Saturday, March 16, 2013

Always Forever

Every writer has little idiosyncrasies they bring to the writing life or acquire along the journey. For example, I use only Courier New font for my work. I'm not a font snob; I prefer it because I wear trifocals and I can see the punctuation marks without squinting. A few years back I started writing a draft of the last chapter of my novel before I reached the midway point of writing the actual manuscript so I'd have something to work toward, and to get rid of my last-chapter anxieties. That little trick, which I read about online, proved 100% effective for me. And while I can write dressed in pretty much anything (often my pajamas) I can't summon a single word if I'm barefoot.

I write a lot of e-mail; I don't count them but after glancing at my Sent folders I think I average about fifty to a hundred per week. Last night I got an e-mail from a colleague who jokingly signed off with xoxoxo as protest to an anti-signoff article. That was the first time I'd heard of that (and the first time I'd gotten virtual kisses and hugs from a colleague), so I went looking for the piece, found and read it.

My search results also suggested that the poor guy is already at the bottom of a massive pile-up, so I won't add to it by naming him or linking to the article. He's obviously wrestled with the issue, and I don't think he really meant to beat up on anyone but himself. In the process of defending his opinion, however, he casually insulted everyone who writes letters, e-mails or anything else that is traditionally signed off with a Sincerely Yours or Best Wishes or Cheers. Considering how much correspondence we all write, however we write it, that's a lot of people. That's probably billions of people.

I wasn't deeply offended, probably because I've wrestled with the issue myself. I started out like most using Sincerely as we were taught in school to sign off e-mails, and progressed to Best Wishes and then to the abbreviated Best. I still use Best with business correspondence or with people I don't know well because it sounds a bit warmer than Sincerely but not as lofty as Best Wishes. For reader mail I settled on Always, mainly because no one else was using it and it's one of the two ways I sign off when autographing books. With friends I generally use some variation of Hugs. I like Hugs; it's warm and friendly and personal. I mean it, too; I'd give them all real hugs if I could.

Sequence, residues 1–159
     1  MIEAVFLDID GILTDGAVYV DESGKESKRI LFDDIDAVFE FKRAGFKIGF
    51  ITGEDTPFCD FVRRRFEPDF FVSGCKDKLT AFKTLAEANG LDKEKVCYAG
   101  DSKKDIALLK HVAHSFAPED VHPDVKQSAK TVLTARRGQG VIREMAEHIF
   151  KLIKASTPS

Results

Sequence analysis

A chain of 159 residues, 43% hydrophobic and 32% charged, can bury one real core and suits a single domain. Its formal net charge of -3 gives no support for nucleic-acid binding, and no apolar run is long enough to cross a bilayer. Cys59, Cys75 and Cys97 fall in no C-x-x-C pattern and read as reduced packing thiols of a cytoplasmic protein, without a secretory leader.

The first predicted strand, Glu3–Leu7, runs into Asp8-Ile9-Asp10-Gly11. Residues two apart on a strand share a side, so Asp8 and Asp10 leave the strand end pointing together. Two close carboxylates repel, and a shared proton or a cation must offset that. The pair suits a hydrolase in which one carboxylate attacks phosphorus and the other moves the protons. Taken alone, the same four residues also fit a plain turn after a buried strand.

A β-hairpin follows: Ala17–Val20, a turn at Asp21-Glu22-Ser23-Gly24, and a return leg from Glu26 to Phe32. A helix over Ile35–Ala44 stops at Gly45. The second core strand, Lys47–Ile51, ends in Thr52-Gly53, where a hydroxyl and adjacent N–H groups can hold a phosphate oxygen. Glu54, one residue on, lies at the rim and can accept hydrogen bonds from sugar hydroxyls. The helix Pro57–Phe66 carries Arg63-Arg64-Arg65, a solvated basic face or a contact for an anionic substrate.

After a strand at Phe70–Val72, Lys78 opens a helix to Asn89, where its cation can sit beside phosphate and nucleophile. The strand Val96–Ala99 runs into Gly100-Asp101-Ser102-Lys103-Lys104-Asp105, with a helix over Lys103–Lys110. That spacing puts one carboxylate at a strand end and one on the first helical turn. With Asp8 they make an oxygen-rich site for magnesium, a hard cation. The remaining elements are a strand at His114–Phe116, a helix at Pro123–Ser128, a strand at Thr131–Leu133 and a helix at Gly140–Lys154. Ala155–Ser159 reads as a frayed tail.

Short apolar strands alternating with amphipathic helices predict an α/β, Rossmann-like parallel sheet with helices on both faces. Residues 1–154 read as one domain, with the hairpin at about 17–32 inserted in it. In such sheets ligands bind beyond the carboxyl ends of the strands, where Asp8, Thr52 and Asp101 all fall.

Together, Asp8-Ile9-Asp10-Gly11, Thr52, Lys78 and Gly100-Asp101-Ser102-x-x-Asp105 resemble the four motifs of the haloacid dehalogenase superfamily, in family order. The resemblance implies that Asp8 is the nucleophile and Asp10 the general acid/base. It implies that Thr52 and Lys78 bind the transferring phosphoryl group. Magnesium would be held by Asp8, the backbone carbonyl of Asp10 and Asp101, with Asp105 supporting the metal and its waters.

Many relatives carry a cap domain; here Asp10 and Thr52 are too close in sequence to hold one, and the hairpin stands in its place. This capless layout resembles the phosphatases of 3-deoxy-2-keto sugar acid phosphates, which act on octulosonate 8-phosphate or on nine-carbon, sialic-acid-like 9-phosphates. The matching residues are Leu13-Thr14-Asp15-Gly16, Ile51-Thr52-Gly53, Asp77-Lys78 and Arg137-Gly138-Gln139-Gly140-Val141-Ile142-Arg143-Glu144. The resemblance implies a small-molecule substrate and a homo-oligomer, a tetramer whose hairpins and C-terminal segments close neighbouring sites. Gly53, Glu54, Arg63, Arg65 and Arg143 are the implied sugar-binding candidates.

There are plenty of sign offs I don't like. I'm not a big fan of the authorial sig block so beloved by the writer organization crowd, the one that lists upcoming releases, award nods and sometimes even bookseller links; personally I find the really long ones a little tiresome. At the same time I know the pressure to promo put on every writer, so I don't take offense (nor do I mean to ridicule anyone who uses them; I just don't care for them) Same thing with Cheers; I was a bartender and while I've tried using it a few times myself that word will always be a toast to me. Makes me occasionally wonder if the other person is inebriated or expects me to be, too.

Despite the inherent awkwardness of the e-mail sign off I don't think it's outdated or that it needs to be eliminated. Removing it from our cyberlives might buy a few more seconds to Tweet something clever or update the Facebook status, but it would erase something far more important: a chance to express some respect or affection. When you end a telephone call, or you go to work, or you send your kids off to school, you wouldn't think of just hanging up or driving off or slamming the door shut. You say take care, have a good day, see you tonight -- or even simply good-bye.

We exchange these words because no matter how much the world progresses or becomes gadgetized, that moment may be the last time we speak to that person, Maybe for today, for the week, for the month, or for the rest of our lives (or theirs.) For these reasons I am so glad the very last e-mail I sent to my friend Monica Jackson signed off with a Hugs, and the last words my father heard from me over the phone, when he was still conscious and could understand me, were I love you, Dad.

I'm already a dinosaur, so I don't think anyone will mind if I continue using my e-mail sign offs. I hope you will, too. Some things should not become antiquated, and like our lives, our chances to say farewell are not infinite.

Always,
Lynn

10 comments: